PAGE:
Saturday 4 March 2017

Barmy Barnies and a Tenner of Gulls

A good haul of gulls this morning with ten species:

 2 juv/first-winter Glaucous, 1 first-winter Iceland, 4 Caspian Gull (1 2nd-winter, 3 first-winter), I adult Yellow-legged Gull, 1 ad Med Gull, 100+ Lesser Black-backed, 8000+ Herring Gull, 20+ Great Black-backed, 10 Common Gull and 2000+ Black-headed Gull.

Also two additional taxa argentatus Herring Gull and Lesser Black-back backed both intermedius and graellsii.

Plenty of turnover of gulls at the moment with migrating flocks moving over high and some coming down. A great time of year to find a mega gull with so much traffic moving through. 

 Glaucous Gull #1
Glaucous Gull #2 

 Bird #2 has a distinctive pale head and nape contrasting with the lower nape and upper breast. 
Bird 1 is more uniform. Difficult to conclude (due to moult and wear) whether either of these is the same as the bird that was first seen in December HERE but the December bird was a real monster with what appeared to be a disproportionately short bill- presumably young birds can change a lot in a few months. Both birds were seen coming out the roost at Walton Res this morning by Dave Harris.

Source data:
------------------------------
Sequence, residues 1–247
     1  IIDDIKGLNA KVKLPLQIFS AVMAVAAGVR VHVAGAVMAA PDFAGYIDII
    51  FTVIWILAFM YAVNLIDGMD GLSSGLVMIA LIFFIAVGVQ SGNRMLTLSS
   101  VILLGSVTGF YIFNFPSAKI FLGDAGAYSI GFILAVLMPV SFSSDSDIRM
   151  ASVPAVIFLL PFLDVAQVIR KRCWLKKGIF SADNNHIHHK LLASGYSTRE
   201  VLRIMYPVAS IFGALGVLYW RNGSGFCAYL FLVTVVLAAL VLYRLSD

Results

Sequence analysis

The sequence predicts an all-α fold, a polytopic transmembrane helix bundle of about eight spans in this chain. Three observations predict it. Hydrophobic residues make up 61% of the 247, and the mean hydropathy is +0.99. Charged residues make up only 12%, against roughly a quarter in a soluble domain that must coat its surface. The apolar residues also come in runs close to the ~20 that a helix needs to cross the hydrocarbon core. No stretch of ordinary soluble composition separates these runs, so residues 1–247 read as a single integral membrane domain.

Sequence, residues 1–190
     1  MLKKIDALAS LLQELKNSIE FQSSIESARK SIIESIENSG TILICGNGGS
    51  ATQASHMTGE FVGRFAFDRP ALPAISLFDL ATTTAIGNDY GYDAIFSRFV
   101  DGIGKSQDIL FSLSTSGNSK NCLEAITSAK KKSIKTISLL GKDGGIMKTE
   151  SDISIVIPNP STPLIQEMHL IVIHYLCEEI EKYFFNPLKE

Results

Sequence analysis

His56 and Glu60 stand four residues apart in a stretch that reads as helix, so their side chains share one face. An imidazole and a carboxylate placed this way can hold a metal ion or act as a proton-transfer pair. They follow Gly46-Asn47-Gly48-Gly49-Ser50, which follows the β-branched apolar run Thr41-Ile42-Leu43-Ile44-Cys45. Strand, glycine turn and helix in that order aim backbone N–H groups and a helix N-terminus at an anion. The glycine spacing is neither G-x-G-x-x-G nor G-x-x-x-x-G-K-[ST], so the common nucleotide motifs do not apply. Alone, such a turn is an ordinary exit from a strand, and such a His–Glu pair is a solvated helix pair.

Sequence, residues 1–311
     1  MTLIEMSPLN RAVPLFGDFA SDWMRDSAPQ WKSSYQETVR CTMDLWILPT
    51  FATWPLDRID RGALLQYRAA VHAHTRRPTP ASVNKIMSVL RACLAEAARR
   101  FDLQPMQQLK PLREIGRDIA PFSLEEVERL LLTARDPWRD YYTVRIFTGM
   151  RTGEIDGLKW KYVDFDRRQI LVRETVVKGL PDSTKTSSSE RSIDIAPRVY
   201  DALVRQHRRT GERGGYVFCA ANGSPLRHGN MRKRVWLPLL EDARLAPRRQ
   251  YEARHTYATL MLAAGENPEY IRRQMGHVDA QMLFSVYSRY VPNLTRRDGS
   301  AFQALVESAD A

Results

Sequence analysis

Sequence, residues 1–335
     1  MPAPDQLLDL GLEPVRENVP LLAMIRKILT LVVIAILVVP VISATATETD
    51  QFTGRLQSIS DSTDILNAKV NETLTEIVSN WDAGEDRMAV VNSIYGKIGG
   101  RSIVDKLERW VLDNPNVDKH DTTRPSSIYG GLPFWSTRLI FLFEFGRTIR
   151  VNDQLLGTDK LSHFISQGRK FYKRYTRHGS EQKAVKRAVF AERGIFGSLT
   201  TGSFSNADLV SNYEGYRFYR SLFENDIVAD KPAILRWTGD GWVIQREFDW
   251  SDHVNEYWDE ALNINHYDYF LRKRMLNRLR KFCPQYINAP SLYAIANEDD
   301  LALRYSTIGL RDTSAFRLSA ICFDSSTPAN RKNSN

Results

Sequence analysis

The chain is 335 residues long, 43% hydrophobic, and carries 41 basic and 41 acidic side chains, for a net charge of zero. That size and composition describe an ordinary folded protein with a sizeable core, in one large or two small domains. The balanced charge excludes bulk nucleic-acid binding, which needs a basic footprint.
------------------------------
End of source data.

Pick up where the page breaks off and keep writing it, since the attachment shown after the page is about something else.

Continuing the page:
The juv/first-winter Iceland Gull with the contrasting primaries has been comparatively easy to track and has been present since late November. It's also been seen by Josh on the Thames and Dave at Walton. HERE
 Second-winter Caspian Gull. Following an influx in December/January, there have been relatively few records until today with at least four birds on the Northern Lake. 
 Adult Mediterranean Gull. An increasing rare visitor to the farmlands- the first one I've seen this year. Previously a winter visitor in small numbers. 
 Adult Yellow-legged Gull - up to five present recently

 68 Barnacle Geese moving north-west today. The first record of  a flock over the farmlands looking rather wild. Difficult to rule out a feral group moving around though. 
 Still five Wigeon around.
 Up to 8 Jack Snipe recently and 120 Snipe. 
 At last some moths in the trap. Common Quakers and March Moth. Typical early spring moths. 
Mompha subbistrigella - a classic early micro. 

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